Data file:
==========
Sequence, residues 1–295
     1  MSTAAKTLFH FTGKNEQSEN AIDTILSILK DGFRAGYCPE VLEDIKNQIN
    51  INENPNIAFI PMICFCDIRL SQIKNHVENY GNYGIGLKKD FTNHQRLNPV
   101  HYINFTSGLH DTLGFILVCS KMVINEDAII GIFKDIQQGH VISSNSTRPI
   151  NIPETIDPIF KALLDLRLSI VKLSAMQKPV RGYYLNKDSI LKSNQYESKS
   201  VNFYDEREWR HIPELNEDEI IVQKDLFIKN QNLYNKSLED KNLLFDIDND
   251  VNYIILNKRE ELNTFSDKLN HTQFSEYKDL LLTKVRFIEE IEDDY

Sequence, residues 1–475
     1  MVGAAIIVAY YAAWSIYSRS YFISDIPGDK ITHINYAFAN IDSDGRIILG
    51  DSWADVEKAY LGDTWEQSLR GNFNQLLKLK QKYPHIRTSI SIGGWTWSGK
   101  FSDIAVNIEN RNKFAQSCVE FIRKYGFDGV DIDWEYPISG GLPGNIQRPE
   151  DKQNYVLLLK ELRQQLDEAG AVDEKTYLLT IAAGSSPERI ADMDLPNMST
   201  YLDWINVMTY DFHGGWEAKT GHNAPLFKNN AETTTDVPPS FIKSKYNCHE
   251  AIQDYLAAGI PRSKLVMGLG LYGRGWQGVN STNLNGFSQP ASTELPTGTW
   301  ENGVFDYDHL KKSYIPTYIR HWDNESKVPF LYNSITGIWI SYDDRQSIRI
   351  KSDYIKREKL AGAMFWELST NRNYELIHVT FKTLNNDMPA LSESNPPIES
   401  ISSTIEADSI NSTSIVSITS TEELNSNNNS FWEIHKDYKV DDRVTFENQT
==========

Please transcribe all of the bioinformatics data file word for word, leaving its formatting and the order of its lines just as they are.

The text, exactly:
Sequence, residues 1–295
     1  MSTAAKTLFH FTGKNEQSEN AIDTILSILK DGFRAGYCPE VLEDIKNQIN
    51  INENPNIAFI PMICFCDIRL SQIKNHVENY GNYGIGLKKD FTNHQRLNPV
   101  HYINFTSGLH DTLGFILVCS KMVINEDAII GIFKDIQQGH VISSNSTRPI
   151  NIPETIDPIF KALLDLRLSI VKLSAMQKPV RGYYLNKDSI LKSNQYESKS
   201  VNFYDEREWR HIPELNEDEI IVQKDLFIKN QNLYNKSLED KNLLFDIDND
   251  VNYIILNKRE ELNTFSDKLN HTQFSEYKDL LLTKVRFIEE IEDDY

Sequence, residues 1–475
     1  MVGAAIIVAY YAAWSIYSRS YFISDIPGDK ITHINYAFAN IDSDGRIILG
    51  DSWADVEKAY LGDTWEQSLR GNFNQLLKLK QKYPHIRTSI SIGGWTWSGK
   101  FSDIAVNIEN RNKFAQSCVE FIRKYGFDGV DIDWEYPISG GLPGNIQRPE
   151  DKQNYVLLLK ELRQQLDEAG AVDEKTYLLT IAAGSSPERI ADMDLPNMST
   201  YLDWINVMTY DFHGGWEAKT GHNAPLFKNN AETTTDVPPS FIKSKYNCHE
   251  AIQDYLAAGI PRSKLVMGLG LYGRGWQGVN STNLNGFSQP ASTELPTGTW
   301  ENGVFDYDHL KKSYIPTYIR HWDNESKVPF LYNSITGIWI SYDDRQSIRI
   351  KSDYIKREKL AGAMFWELST NRNYELIHVT FKTLNNDMPA LSESNPPIES
   401  ISSTIEADSI NSTSIVSITS TEELNSNNNS FWEIHKDYKV DDRVTFENQT